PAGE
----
Historically, upgrading distributed control systems (DCS) has involved moving from an earlier generation of system to the current state of the art. While this sounds straightforward, the process of migration has gotten more complex as more options become available. Distributed control system migration could be the biggest single issue many automation end users face today.
Multiple Dynamics of Distributed Control System (DCS) Migration
The dynamics of control system migration have changed since ARC first started looking into this area more than two decades ago. Today, many businesses require an even stronger value proposition and justification for migration projects than in the past. In addition, many technologies surrounding the traditional DCS have been changing. The digital transformation trend has introduced elements such as the “The cloud”, “edge computing”, “analytics”, and “Industrial IoT” to name only a few. Many end users are faced with the question of whether these new available technologies will deliver significant benefits to their control system upgrade decision.
Several years ago, faced with a huge installed base of distributed control systems rapidly approaching obsolescence, ExxonMobil started an initiative now managed by the Open Group, the Open Process Automation Forum (OPAF). ARC has written extensively about OPAF. This initiative is focused on developing new, more “open” standards-based process automation systems that can “age in place,” to avoid future obsolescence. OPAF also looks to many aspects of digital transformation to make it happen.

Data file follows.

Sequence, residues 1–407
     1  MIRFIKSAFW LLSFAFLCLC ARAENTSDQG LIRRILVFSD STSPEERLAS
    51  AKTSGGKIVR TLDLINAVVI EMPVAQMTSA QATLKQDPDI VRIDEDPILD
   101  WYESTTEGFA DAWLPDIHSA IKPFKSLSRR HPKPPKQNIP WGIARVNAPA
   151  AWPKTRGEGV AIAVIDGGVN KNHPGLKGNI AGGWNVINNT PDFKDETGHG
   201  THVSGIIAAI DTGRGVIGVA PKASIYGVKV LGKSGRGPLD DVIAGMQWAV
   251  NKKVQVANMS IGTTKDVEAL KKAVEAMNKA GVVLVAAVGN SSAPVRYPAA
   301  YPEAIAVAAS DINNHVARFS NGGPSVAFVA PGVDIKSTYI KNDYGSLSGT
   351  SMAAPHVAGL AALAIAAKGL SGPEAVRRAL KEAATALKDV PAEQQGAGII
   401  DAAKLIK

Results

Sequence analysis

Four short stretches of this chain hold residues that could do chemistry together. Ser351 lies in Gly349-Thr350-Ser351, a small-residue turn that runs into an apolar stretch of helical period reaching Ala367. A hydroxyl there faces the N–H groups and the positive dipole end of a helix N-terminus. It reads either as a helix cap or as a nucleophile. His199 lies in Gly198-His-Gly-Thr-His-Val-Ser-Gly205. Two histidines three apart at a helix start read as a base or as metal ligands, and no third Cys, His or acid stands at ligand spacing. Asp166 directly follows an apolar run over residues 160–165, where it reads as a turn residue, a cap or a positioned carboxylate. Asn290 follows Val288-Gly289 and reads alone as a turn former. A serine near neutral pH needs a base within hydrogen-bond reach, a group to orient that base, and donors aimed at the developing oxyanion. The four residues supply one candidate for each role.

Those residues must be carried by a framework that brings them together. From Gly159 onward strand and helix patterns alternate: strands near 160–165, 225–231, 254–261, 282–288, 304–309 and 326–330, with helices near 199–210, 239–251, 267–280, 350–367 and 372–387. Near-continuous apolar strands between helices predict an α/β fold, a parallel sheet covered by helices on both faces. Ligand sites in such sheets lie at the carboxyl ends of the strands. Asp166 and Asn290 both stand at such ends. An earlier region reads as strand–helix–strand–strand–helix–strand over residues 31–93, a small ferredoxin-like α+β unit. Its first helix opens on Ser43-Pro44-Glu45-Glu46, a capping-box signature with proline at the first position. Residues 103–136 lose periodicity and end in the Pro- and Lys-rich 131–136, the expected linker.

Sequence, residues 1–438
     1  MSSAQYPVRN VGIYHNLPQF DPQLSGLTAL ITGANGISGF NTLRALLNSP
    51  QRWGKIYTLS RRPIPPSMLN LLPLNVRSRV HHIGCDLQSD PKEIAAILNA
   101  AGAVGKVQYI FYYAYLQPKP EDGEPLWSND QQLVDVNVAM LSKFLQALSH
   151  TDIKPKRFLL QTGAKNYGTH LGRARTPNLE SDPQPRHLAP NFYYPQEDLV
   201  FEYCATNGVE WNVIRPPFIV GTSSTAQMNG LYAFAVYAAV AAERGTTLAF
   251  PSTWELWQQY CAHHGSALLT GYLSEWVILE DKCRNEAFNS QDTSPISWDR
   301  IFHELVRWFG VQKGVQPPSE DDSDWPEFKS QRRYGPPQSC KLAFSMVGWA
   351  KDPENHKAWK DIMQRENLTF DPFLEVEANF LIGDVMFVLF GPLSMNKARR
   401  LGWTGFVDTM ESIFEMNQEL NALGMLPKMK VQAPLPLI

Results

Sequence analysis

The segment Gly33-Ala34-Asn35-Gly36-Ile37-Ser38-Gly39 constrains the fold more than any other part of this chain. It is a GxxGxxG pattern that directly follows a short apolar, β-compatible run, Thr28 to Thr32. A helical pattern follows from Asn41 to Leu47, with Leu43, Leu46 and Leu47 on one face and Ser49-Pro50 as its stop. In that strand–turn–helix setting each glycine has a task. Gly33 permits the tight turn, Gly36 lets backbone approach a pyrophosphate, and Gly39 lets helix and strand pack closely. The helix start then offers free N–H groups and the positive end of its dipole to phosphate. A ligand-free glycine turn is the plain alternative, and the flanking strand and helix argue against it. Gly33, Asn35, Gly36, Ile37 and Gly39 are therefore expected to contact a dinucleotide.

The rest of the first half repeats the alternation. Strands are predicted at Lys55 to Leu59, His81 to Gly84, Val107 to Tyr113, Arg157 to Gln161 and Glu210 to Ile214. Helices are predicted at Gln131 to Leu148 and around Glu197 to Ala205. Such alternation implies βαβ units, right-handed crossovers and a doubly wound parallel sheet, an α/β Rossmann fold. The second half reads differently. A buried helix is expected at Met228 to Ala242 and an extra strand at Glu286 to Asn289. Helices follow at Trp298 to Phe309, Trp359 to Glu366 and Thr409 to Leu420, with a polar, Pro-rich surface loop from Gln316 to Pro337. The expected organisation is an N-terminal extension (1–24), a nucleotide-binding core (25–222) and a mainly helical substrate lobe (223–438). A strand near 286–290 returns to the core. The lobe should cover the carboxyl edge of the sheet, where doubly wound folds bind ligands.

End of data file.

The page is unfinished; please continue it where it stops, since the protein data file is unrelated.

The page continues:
Process automation suppliers continue to expand their migration offerings. Many have joined the OPAF to not only help the end users that are driving the initiative, but also to protect their future business in process control systems.
Process manufacturers can use a number of different approaches when evaluating potential migration suppliers. For many, automation system migration represents a significant change. One thing end users should consider is the potential supplier's ability to provide a solution that will provide real business value, while minimizing downtime and risk. No matter how smooth the implementation may have gone, if you simply end up with a functional replacement, you failed to exploit an excellent opportunity to improve plant and business performance. It’s important for end users with automation systems facing obsolescence to consider many of the aspects of the OPAF movement, as well as the functionality brought on by new digital technologies available today.
ARC advocates a rigorous team approach that begins with a well-defined strategy and business goals. Developing and weighting the decision criteria for the control system in an impartial, fact-based manner will significantly improve the ultimate selection of a migration supplier. ARC has developed an effective methodology for doing so.